Lead University: Lehigh University
PI: Sabrina Jedlicka
Co-PIs: Xuanhong Cheng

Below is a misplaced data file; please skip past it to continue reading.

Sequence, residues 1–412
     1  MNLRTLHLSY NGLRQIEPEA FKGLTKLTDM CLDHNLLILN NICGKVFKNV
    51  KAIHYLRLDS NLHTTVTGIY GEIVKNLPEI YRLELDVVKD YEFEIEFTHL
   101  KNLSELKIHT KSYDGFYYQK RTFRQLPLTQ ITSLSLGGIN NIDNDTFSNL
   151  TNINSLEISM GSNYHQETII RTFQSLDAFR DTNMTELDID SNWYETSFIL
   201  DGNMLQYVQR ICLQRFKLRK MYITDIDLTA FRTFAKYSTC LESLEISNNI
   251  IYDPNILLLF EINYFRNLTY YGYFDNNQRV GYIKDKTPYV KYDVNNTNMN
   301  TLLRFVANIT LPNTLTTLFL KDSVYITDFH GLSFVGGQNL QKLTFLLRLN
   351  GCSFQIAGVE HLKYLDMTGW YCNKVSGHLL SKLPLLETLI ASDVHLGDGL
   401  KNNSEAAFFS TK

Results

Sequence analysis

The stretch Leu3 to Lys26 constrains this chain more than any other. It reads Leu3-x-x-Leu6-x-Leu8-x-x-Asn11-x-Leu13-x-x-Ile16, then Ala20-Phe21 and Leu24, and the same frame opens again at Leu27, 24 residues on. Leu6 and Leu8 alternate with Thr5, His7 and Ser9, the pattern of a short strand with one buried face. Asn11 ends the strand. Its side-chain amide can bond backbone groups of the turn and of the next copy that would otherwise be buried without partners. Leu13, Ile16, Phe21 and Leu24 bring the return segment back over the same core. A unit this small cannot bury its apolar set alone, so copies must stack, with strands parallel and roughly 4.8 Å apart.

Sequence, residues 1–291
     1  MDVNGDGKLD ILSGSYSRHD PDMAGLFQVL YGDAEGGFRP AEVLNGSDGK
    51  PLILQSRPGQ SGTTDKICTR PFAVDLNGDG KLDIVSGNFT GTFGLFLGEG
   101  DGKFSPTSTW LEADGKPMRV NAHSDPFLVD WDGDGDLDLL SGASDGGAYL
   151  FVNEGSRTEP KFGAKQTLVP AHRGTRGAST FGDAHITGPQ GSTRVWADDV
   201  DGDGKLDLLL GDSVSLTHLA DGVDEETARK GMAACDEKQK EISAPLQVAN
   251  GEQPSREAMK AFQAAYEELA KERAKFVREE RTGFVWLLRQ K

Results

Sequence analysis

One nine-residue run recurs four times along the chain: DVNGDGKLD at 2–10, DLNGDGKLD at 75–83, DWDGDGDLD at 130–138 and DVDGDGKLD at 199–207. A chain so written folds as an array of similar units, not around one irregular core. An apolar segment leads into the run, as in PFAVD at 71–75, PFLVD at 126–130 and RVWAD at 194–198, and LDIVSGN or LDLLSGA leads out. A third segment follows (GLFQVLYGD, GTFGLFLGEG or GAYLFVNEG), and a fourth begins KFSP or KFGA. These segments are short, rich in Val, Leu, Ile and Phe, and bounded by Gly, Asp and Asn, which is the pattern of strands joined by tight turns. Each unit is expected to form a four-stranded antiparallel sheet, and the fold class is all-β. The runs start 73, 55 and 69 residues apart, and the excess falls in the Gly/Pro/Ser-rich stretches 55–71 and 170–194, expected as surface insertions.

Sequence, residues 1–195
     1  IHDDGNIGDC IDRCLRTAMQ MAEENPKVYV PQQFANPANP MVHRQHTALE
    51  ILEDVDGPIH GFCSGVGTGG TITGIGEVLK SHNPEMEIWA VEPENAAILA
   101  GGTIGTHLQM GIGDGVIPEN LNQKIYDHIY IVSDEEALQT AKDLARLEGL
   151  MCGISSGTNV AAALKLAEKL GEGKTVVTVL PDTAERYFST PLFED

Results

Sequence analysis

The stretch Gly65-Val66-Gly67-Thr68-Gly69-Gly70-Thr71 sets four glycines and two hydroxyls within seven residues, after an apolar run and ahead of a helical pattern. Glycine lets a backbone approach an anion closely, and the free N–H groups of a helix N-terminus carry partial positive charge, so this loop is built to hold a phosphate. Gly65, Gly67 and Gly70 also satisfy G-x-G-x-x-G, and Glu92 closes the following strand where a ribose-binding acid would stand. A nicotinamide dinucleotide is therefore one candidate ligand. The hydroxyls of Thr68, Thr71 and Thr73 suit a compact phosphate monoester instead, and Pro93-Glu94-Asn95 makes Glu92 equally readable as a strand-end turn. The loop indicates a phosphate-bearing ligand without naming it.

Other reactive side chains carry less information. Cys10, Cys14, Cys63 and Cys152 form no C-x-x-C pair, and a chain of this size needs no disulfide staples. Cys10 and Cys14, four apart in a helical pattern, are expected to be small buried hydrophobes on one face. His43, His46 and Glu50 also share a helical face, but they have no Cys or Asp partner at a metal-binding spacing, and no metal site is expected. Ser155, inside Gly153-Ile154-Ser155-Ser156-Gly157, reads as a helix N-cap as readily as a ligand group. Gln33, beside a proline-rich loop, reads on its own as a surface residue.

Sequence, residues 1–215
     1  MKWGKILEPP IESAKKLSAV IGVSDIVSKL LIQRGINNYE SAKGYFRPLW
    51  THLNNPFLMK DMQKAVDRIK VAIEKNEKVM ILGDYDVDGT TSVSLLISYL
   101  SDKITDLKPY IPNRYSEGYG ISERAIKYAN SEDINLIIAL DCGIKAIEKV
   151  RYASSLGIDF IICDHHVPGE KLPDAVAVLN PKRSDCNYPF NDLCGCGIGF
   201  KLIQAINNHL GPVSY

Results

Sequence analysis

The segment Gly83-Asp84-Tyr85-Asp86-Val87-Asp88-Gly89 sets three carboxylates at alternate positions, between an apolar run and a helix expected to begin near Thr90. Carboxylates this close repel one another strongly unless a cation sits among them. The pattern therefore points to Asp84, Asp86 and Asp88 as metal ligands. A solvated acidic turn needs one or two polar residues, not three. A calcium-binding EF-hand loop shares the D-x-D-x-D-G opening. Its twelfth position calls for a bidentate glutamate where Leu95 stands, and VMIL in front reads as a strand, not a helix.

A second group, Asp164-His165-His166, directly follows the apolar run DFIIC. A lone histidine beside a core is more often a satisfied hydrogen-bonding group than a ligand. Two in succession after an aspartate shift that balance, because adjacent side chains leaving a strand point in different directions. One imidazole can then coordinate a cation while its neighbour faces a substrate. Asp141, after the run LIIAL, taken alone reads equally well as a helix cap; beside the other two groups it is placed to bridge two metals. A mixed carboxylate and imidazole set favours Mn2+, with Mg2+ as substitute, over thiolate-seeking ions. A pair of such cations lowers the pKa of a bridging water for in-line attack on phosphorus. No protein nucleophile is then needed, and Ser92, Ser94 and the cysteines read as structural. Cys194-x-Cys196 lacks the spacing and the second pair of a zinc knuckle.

Autologous stem cell transplantation is becoming a widely available treatment option for patients suffering from osteoarthritic disorders, however, the treatment is only recently being reviewed by the FDA to ensure therapeutic quality between clinics. The procedure involves stem cell extraction from bone marrow, either through the use of specialized needles designed to maximize stem cell concentration or through post-extraction concentration protocols. This solution is then re-injected back into a site of damage (knee, shoulder, ankle, etc.). Pain relief can be significant, however, patient outcomes are highly variable, which is an impediment to widespread adoption of the technique. Cytokine signaling by the injected cells is the hypothesized mechanism of pain relief, however, initial cell quality and signaling potential may be the differentiating factor between patients who respond well to the treatment and patients who have a limited therapeutic response. In this project, we propose a fundamental study comparing patient cell behavior and phenotype in a wide variety of patient extracts, to discover a correlating set of biomarkers that are indicative of favorable patient outcomes. These biomarkers will be built into a point-of-care device designed to quickly and efficiently characterize extracted stem cells to provide physicians with an early indicator of how the patient will respond. This can then be coupled with other surgical/pharmaceutical interventions to ensure patient pain relief is maximized during the recovery phase and that cells engraft and survive in the long term. In the long-term, through working collaboratively with a local orthopedic surgeon, we hope to develop a methodology and translational technology to improve cell retention and therapeutic potential post-injection.